By Brian Gondwe
Mambale Village in Ward 9 of Mangwe District, Plumtree under chief Bango is reeling from a protracted drought.
The dry spell has seen quite a number of villagers losing their herds due to lack of pasture and water.
The local Agriculture Resource Extension officer Mr Tinashe Mutezo revealed to Community Podium that he has to date, recorded more than 40 deaths of cattle due to the catastrophic climate this year.
His sentiments were buttressed by Mr. France Mlotshwa, a villager who said he lost four cattle from his herd due to the devastating drought.
Mlotshwa further predicted more woes if the drought persists.
“If the rains do not show up soon, I foresee a greater disaster and a total wipe out of my herd”, he said in an ominous tone
One man who identified himself as a kraal head in the village, a Mr Ngwenya said the prevailing climatic condition is giving elderly villagers like himself sleepless nights as they are heavily dependent on their cattle as investment.
“We rely on our cattle and this drought is negatively affecting our very livelihoods. To make matters worse the business community is charging R350 for a 50 kg bag of pen feeding which can only be afforded by the financially favoured or those with relatives , spouses or children in South Africa” he said.
The bursting of a dam wall in the village ten years ago compounded the challenge posed by the drought in the area. Subsequently, it meant animals no longer had proximate access to water and had to be moved farther away to access the precious liquid.
On a brighter note, a few villagers with financial clout have resorted to drilling boreholes in their back yards. However, for most of the villagers, boreholes remain a pipe dream. They have to make do with being nomadic pastoralists. Such villagers have to take their cattle to Shashe river bank (which divides Zimbabwe and Botswana ), while creating makeshift homes for their herd boys.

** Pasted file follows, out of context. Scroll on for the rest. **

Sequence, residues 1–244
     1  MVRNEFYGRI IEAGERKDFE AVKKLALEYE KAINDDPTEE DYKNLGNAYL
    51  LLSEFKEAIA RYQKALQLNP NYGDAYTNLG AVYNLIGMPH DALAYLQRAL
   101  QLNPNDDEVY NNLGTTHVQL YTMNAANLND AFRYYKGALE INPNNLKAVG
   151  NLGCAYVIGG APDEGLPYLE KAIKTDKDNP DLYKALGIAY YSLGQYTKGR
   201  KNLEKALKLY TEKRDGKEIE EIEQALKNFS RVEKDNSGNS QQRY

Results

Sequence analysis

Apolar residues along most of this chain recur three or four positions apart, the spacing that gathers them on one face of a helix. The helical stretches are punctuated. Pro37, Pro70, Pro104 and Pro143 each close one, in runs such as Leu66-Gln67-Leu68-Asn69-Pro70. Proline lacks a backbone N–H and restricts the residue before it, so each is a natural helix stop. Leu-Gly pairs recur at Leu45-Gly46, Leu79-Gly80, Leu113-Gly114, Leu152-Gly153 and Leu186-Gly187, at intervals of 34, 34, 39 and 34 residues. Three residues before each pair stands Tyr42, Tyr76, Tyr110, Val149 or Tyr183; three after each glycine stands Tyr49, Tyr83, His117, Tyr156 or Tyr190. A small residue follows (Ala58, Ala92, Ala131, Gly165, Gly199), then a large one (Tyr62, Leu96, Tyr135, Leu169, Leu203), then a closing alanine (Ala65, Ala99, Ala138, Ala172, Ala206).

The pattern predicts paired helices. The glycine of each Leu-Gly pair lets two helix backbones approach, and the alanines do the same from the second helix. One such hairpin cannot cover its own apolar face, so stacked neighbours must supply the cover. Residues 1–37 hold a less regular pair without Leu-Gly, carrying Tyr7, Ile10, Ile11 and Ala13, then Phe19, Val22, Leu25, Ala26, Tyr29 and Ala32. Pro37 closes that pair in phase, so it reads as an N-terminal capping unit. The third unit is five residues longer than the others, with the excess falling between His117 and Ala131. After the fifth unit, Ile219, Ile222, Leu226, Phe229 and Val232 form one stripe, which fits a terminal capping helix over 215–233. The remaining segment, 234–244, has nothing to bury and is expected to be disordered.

Unfortunately, according to the villagers, the BaTswana either shoot to kill on sight of any cattle that stray to their territory or they simply possess the cattle.
Moreover, there are fears that the extensive movement of cattle could lead to them contracting diseases.
“The back and forth movement poses health risks to our livestock,” lamented Ngwenya.
In a bid to ameliorate the crisis, the villagers have taken to growing dry, drought-resistant crops.
“Some villagers have started dry planting, praying and hoping for a better day when rains come. Our region is dry so we plant drought resistant crops like sorghum and millet to sustain our families”, said Ngwenya as he confirmed that they are yet to receive rains this season.
Ngwenya however commended government efforts to assist the community by providing much needed maize meal to feed families. He also extended gratitude to Organisation of Rural Associations for Progress(ORAP) , a non governmental organisation which donates food hampers to pregnant women and those with children who are two years and below